Your carpet can be like a forest and your furniture like mushrooms

The natural environment provides carbon sinks, and the built environment can, too.

If you’re familiar with the term “carbon sink,” you know it is very important in the fight against climate change. Many elements of the natural environment, like healthy forests and soil, keep carbon dioxide in the ground. They even take it out of the atmosphere, creating a negative carbon effect.

What could be better than reversing CO2 pollution? How about manufacturing carbon sinks into our built environment!

Interface, the world’s largest designer and maker of carpet tiles, planned their business around the realization that calcium carbonate could serve well as a building material for its products. The company’s Proof Positive carpet tile stores more carbon than the production process generates. this makes it a carbon sink. Plus, at the end of its useful life, the tiles are easily recycled into new carpet.

Now that your carpet can share something in common with a forest, let’s add furniture made of fungus! A London design firm mixes mycelium with wood chips and plants, and puts it into molds that quickly grow furniture. After drying, the furniture is strong, lightweight, feels velvety, and easily composts when you tire of it. MycoWorks and Ecovative are companies actively offering mycelium furniture and accessories.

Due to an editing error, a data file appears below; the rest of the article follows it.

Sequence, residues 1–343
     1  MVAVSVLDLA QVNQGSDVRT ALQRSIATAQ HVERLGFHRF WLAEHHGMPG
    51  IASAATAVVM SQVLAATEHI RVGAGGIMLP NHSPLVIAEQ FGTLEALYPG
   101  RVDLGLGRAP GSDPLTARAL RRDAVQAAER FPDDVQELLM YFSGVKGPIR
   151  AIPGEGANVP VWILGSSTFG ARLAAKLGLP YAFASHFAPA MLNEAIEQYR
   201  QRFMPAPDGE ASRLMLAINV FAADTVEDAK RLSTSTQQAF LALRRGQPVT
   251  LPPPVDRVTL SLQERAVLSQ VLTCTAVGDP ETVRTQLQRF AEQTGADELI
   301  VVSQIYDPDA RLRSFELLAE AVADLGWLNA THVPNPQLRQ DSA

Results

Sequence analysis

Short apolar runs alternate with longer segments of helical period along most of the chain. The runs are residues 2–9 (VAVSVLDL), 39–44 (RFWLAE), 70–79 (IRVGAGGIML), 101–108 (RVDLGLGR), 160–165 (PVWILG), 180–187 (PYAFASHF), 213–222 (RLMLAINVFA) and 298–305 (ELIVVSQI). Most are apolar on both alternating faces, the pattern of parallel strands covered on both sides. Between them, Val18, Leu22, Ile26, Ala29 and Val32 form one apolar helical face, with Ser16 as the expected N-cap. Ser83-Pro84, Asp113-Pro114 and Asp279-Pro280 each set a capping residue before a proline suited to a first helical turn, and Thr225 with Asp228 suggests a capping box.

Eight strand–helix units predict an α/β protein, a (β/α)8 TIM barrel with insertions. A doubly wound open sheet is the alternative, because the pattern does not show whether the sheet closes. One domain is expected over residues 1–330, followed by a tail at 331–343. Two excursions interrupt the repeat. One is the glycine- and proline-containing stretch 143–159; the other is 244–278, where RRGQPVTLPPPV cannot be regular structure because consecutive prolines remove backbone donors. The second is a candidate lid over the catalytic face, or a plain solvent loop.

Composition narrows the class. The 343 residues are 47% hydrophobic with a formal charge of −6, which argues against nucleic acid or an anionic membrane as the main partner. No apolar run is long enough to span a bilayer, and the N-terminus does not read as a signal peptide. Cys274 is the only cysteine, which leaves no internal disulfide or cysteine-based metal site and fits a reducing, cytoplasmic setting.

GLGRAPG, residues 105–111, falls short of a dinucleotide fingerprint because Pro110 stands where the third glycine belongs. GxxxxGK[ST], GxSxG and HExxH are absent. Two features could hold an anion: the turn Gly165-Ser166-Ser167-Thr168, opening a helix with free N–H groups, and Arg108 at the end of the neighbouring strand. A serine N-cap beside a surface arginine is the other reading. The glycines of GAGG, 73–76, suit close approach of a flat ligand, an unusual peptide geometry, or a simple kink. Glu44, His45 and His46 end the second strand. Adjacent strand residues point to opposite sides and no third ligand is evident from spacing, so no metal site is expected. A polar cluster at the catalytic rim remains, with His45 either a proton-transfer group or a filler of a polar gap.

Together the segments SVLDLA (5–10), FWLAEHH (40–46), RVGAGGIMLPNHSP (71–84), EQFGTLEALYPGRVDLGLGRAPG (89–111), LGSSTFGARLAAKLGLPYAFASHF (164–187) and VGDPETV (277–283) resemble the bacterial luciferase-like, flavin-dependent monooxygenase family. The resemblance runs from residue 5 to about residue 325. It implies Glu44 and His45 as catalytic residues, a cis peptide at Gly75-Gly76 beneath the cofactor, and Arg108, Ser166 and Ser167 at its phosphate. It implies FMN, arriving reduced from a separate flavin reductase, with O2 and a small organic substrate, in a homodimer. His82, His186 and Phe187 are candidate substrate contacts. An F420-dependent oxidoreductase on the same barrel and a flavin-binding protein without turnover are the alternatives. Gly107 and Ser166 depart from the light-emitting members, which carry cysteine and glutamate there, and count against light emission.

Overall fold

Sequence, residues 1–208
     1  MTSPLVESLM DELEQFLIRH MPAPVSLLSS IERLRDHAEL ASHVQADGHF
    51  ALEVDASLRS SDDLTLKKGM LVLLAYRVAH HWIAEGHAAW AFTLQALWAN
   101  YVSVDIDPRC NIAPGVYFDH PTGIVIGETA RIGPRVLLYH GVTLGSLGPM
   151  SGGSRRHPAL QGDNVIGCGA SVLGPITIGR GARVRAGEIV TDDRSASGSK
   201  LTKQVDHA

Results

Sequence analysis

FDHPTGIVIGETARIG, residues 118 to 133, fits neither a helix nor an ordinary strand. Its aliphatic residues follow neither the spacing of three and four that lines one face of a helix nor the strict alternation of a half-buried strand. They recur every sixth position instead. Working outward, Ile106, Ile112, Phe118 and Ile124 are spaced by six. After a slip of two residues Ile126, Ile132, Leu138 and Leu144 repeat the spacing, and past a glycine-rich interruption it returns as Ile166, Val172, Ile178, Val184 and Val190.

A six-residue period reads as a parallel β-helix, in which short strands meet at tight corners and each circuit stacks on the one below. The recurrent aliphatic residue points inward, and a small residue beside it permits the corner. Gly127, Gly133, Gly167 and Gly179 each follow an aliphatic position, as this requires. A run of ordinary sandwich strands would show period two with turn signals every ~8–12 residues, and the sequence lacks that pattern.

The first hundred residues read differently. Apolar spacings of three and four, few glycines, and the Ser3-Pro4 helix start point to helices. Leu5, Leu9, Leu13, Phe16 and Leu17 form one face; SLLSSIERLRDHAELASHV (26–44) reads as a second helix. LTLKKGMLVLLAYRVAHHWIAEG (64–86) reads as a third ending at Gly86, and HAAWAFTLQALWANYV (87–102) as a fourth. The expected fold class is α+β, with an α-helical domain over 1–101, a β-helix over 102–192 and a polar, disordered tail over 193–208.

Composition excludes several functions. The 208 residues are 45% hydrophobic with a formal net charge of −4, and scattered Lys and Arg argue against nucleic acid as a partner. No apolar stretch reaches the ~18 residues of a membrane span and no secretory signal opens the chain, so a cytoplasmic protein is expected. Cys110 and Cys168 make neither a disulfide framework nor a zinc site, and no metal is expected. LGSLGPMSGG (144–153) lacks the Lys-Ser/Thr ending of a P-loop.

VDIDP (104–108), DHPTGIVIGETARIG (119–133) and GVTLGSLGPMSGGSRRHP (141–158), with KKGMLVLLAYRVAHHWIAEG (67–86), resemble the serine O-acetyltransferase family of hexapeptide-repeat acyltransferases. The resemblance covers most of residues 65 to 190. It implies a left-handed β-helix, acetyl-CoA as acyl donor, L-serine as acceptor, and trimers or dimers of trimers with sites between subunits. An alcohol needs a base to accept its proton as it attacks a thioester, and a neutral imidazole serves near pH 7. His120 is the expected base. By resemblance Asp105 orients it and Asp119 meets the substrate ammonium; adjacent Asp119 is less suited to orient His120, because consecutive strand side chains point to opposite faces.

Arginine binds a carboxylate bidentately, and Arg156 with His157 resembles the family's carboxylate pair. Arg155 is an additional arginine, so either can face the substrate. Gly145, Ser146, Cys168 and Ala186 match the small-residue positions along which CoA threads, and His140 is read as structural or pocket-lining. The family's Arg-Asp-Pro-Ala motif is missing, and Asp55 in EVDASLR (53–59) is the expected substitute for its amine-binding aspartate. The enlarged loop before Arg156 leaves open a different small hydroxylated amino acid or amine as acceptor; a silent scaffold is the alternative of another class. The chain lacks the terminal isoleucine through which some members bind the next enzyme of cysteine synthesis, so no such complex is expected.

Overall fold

Or maybe you’d prefer furniture made of ocean trash and recycled cell phones? Startup Pentatonic is pioneering contemporary, customizable, flat-packaged home-ware made entirely of post-consumer waste. The pieces are fully recyclable, with a buy-back guarantee. Plus, the sci-fi set of your home or office space is sure to start good conversations in your community about setting an example for sustainability.

The choices we make for our built environment can have a huge carbon impact — a positive one if we recognize the materials used as well as the design, before we build.


This brief is a text version of radioBANG episode 1708, available on SoundCloud and iTunes. Please follow our good news in the format you prefer, and join the conversation on Facebook.com/SolutionsInSustainability.

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